By using a Windows Server feature called Automatic Virtual Machine Activation (AVMA), administrators can easily activate virtual machines (VMs) running on an already-licensed Windows Server Data Center Edition server.

In this article, we're going to cover three ways to use AVMA to activate a VM. But first, let's see how we can figure out the licensing state of a VM. To do this, we can log into the console of the VM and use the slmgr tool by running slmgr /dli. In the screenshot below, we're looking at an unlicensed VM, noting the "Notification" status.

VM not activated

VM not activated

Activating on the command prompt ^

Now that we've confirmed the status, we can use AVMA to activate the VM. Our first method is with a command prompt. With your command prompt still open as an administrator, type slmgr /ipk <ProductKey>. You can find the keys we'll be using in this article on the Microsoft Automatic virtual machine activation page.

When you hit Enter, you'll get a message showing the activation has succeeded.

Successful activation

Successful activation

After activation, we can confirm activation by running slmgr /dli again, and this time the status shows licensed.

Windows is licensed

Windows is licensed

The message also has an expiration date. This licensing check prevents you from moving the VM to a host that is not running on a licensed Windows Server Data Center host. It checks in every few days, and as long as the VM is still running on the allowed host, it resets the expiration date.

Now we'll go back to an unlicensed VM. As you can see with slmgr, notice the message is a little different this time because I'm showing a VM that has no key at all instead of one with an invalid KMS key like I showed last time.

Product key not found

Product key not found

Activating with PowerShell ^

Our second activation method is going to be with PowerShell. This performs the same action of activating via the command line, but it is an alternative way to make it happen. To do this, open PowerShell as an administrator and enter slmgr /ipk <ProductKey>. When you hit Enter, you'll get the same message as before, showing that the key was successful, and just like before, we can run slmgr /dli to confirm that it did work.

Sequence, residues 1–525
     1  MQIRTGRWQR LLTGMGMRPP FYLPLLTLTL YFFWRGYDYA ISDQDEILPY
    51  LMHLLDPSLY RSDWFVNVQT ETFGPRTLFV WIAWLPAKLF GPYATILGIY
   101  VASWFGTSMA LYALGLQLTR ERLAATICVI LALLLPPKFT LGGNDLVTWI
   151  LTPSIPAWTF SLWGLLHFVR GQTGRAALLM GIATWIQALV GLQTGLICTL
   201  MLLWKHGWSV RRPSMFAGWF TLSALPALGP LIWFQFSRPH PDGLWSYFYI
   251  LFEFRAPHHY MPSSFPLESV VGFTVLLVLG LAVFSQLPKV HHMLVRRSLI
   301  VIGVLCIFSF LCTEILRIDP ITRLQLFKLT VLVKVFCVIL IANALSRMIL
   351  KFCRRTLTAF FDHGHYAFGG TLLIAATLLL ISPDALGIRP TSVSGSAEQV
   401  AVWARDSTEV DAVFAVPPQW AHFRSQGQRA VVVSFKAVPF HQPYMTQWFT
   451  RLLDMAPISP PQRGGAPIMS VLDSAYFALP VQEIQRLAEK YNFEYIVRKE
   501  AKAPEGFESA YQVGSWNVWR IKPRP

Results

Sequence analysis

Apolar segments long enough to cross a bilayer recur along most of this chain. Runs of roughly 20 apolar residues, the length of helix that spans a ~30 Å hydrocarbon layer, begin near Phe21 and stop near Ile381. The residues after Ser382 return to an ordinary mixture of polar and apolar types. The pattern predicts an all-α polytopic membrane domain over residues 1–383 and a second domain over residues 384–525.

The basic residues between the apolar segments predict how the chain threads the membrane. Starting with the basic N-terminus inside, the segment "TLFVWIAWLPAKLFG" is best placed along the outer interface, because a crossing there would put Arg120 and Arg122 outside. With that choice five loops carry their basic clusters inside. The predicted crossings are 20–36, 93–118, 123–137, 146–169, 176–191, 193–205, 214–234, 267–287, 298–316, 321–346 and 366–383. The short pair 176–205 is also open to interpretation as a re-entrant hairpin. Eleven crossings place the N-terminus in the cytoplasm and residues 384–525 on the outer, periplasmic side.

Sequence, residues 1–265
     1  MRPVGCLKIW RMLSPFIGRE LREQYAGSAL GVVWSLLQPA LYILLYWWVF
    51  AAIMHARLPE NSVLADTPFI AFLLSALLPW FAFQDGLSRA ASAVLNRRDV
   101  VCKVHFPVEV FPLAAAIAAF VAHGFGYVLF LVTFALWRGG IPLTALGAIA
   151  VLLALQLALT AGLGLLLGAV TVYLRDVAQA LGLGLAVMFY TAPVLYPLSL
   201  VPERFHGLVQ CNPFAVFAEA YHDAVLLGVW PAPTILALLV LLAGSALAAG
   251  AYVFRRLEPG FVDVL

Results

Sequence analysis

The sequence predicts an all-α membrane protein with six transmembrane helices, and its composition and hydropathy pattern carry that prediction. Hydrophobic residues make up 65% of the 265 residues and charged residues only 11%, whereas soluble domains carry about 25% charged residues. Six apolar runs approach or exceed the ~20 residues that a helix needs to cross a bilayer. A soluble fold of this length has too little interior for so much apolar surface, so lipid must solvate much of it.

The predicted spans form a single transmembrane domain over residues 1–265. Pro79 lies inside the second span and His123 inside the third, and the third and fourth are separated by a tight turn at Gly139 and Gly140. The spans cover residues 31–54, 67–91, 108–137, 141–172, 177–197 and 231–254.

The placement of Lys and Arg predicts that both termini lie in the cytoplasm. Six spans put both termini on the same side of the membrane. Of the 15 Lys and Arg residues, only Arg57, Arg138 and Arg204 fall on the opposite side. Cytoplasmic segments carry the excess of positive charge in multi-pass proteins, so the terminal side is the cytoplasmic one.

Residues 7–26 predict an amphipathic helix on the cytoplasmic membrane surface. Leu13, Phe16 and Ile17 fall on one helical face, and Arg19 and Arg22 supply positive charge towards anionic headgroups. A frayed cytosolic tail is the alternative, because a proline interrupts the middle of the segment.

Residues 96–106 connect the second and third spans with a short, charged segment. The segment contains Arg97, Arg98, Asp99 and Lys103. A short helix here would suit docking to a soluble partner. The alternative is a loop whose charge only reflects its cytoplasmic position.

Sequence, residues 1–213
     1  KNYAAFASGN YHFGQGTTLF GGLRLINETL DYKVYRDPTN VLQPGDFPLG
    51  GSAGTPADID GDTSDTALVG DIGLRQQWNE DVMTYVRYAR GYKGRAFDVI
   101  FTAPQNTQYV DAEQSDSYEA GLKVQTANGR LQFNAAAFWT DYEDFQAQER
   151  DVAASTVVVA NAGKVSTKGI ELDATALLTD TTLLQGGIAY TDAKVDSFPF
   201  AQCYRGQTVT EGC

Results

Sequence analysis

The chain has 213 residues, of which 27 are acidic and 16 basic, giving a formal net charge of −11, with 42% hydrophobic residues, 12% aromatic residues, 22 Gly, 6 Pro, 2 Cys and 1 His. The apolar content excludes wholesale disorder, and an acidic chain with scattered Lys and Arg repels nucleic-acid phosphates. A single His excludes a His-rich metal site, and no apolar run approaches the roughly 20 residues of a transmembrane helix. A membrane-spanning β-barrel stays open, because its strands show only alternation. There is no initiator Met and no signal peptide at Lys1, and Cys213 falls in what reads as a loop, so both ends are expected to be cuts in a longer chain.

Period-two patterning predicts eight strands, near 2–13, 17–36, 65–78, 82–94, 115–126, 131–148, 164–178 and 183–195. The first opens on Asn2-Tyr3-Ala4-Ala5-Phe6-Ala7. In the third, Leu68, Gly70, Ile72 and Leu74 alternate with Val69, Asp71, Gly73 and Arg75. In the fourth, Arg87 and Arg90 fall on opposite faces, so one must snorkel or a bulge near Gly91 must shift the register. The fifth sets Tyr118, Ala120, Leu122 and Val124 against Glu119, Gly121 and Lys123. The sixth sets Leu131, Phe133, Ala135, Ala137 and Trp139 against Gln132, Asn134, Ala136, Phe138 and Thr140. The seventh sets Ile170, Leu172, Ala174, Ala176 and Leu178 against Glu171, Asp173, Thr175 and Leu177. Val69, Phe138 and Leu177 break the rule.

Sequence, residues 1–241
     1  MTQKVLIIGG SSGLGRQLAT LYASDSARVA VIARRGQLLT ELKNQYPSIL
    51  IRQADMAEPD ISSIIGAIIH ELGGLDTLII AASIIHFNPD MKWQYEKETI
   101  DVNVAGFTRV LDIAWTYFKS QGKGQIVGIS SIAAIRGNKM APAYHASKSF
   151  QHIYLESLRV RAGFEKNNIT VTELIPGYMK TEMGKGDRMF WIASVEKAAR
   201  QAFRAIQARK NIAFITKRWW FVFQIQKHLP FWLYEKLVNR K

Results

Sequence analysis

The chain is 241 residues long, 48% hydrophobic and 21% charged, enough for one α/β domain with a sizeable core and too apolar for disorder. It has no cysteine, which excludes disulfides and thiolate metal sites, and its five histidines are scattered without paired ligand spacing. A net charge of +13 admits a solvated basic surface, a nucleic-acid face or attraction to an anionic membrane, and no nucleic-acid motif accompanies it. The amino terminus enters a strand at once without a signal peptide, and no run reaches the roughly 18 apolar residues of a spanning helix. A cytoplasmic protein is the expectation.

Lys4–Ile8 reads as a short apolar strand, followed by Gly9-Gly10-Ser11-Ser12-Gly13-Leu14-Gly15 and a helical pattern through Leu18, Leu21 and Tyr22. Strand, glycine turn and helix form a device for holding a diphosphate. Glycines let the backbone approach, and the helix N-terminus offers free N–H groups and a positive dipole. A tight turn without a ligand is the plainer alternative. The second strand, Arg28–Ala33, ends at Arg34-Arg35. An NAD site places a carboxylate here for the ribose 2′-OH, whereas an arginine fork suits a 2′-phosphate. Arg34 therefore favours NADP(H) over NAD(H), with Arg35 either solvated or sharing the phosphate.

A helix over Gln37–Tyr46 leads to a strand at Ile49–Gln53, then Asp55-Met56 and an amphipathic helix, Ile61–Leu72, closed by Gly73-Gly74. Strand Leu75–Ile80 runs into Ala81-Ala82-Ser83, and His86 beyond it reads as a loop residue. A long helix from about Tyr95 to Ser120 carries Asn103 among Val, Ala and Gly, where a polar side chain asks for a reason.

Remote activation ^

Not only can you activate VMs via logging into their respective consoles but you can also do this remotely using PowerShell Remoting. To do this, we'll find another unlicensed VM to test with. I've found a VM called AVMA1 I'd like to license. From my remote client, I'll run slmgr again, but this time, I need to do a few things differently.

Since we'll be using PowerShell Remoting and more specifically, the Invoke-Command command, we must wrap our code into a scriptblock. However, due to the way PowerShell Remoting invokes command-line utilities in a remote session, we need to get a little more specific in how to execute slmgr. Since slmgr is a VBscript, when it's running locally, Windows automatically uses wscript to execute the script, but in a remoting session, you've got to get more explicit and call the command-line interpreter cscript followed by the full path of the slmgr script.

Invoke-Command -ComputerName AVMA1 -ScriptBlock { cscript C:\Windows\System32\slmgr.vbs /ipk <ProductKey>}

Once this completes, you'll then get a console output saying the license has been activated instead of the pop-up. Since we're running this remotely, the pop-up isn't an option, thus requiring us to use cscript.

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Successful activation via Invoke Command

Successful activation via Invoke Command

The bottom line ^

Activating local or remote Windows Servers using the command line is a simple and efficient way to manage license activations across all of your servers hosted on Windows Server Data Center edition. Using the command line is a great way to activate many VMs at once.


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